Nomura Upgrades South African Platinum Producers

Platinum production

VENTURES AFRICA – Leading financial services group Nomura upgrades its ratings of top South African platinum producers as strikes come to an end, prompting hikes in share prices.

As strikes that have been plaguing the whole span of South Africa’s industry draw to a close, leading financial services and investment banking group Nomura today chose to change its ratings for a number of top South African platinum producers.

In a research note to investors sent out today, Nomura raised ratings for Anglo American Platinum (Amplats), Impala Platinum (Implats), Lonmin, and Aquarius Platinum.

Amplats saw its ratings go up from “reduce” to “neutral”, prompting a 3 percent rise in share prices on the news of the upgrade, with shares trading at 380.96 rand ($43.16) in Johannesburg.

Implats also received the green light for investors, with a new rating of “buy”, increased from the previous “reduce” rating. In turn, Implats also saw share prices grow by 2.8 percent following the upgrade, trading at 146.83 rand ($16.64) on the JSE.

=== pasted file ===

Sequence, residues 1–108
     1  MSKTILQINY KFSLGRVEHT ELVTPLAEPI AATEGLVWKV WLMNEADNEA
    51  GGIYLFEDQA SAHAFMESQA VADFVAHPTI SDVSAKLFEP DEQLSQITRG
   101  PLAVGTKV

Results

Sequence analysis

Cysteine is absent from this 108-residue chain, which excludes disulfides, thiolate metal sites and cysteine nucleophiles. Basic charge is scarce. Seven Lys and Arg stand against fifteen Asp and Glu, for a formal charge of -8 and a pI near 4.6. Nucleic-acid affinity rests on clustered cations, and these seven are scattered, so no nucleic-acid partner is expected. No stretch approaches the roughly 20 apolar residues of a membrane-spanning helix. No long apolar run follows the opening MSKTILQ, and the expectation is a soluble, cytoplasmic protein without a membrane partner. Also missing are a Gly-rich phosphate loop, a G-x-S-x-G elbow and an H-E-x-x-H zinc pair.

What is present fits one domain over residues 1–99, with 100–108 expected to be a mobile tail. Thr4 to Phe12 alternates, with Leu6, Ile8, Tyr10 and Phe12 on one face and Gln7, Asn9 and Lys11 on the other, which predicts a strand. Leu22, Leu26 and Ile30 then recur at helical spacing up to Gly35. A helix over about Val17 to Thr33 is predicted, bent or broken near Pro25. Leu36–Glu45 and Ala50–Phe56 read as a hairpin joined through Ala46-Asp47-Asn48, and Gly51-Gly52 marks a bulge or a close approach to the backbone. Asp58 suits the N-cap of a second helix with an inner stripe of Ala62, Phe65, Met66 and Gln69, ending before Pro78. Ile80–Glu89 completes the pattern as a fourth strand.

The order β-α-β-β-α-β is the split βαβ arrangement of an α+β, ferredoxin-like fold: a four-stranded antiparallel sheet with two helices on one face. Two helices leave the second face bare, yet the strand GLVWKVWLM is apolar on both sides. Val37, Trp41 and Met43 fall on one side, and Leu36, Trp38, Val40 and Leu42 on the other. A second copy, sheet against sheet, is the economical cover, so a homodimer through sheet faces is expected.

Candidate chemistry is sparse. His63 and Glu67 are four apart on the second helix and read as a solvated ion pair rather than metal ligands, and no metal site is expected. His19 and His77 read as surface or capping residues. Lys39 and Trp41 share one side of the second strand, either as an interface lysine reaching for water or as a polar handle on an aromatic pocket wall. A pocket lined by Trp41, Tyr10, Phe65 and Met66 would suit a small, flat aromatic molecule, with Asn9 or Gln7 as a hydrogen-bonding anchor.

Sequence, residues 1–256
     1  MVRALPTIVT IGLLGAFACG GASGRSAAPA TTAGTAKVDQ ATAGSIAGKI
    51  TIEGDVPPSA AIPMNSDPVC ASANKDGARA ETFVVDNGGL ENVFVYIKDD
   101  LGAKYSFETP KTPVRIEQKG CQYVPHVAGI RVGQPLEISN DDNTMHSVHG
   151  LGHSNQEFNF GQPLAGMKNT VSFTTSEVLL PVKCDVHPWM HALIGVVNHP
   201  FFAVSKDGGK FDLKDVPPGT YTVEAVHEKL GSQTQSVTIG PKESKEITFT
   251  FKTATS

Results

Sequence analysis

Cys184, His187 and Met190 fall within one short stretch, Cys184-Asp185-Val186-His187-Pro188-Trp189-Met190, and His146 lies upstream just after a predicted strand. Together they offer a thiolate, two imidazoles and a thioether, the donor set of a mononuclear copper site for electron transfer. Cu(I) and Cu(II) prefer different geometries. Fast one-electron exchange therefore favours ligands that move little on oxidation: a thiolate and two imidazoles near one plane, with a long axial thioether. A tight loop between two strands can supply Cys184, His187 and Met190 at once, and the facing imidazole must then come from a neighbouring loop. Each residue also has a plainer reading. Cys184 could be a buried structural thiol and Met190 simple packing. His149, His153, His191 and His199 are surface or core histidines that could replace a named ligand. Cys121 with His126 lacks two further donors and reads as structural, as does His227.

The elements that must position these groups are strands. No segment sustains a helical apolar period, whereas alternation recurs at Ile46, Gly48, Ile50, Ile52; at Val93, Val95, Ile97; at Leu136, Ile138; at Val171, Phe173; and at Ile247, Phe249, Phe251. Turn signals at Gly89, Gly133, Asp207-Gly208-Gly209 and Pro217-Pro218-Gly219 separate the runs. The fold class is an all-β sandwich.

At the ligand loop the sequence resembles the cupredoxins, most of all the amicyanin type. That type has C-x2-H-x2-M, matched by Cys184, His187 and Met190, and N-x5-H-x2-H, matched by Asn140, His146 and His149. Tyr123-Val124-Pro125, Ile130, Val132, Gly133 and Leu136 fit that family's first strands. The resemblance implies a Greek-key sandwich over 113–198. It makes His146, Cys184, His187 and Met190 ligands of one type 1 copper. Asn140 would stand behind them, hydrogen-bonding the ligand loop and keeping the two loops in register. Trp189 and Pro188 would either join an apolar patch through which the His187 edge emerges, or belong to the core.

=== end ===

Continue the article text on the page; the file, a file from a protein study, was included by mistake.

Meanwhile, infamous platinum producer Lonmin also merited a re-grade in the advice to investors, upgraded to “buy” from the previous “reduce” rating. Stock in the platinum miner – which signed a wage agreement with striking miners in October, providing for increases of between 11 and 22 percent prompting the wide-spread “copy-cat” strikes – also grew, trading at 69.49 rand ($7.88): an increase of 4.4 percent.

Junior miner Aquarius Platinum received an upgrade to “buy” from “neutral”, prompting stock in London to soar 8.64 percent on news of the re-grade, shares trading at 41.0125 Pounds ($65.22).

The news will be welcome to the South African platinum industry, which has seen significant dents to output over the past months while production was halted due to illegal strikes by the work force.

UK-based experts Johnson Matthey have estimated that South African output will take a 12 percent hit for 2012, with a predicted production of only 4.25 million ounces of platinum for the year.

As such, it is thought that the global platinum market will experience a 600,000 ounce reduction in output globally for the year, which will level out at 5.84 million ounces – the losses largely attributable to the South African shortfall.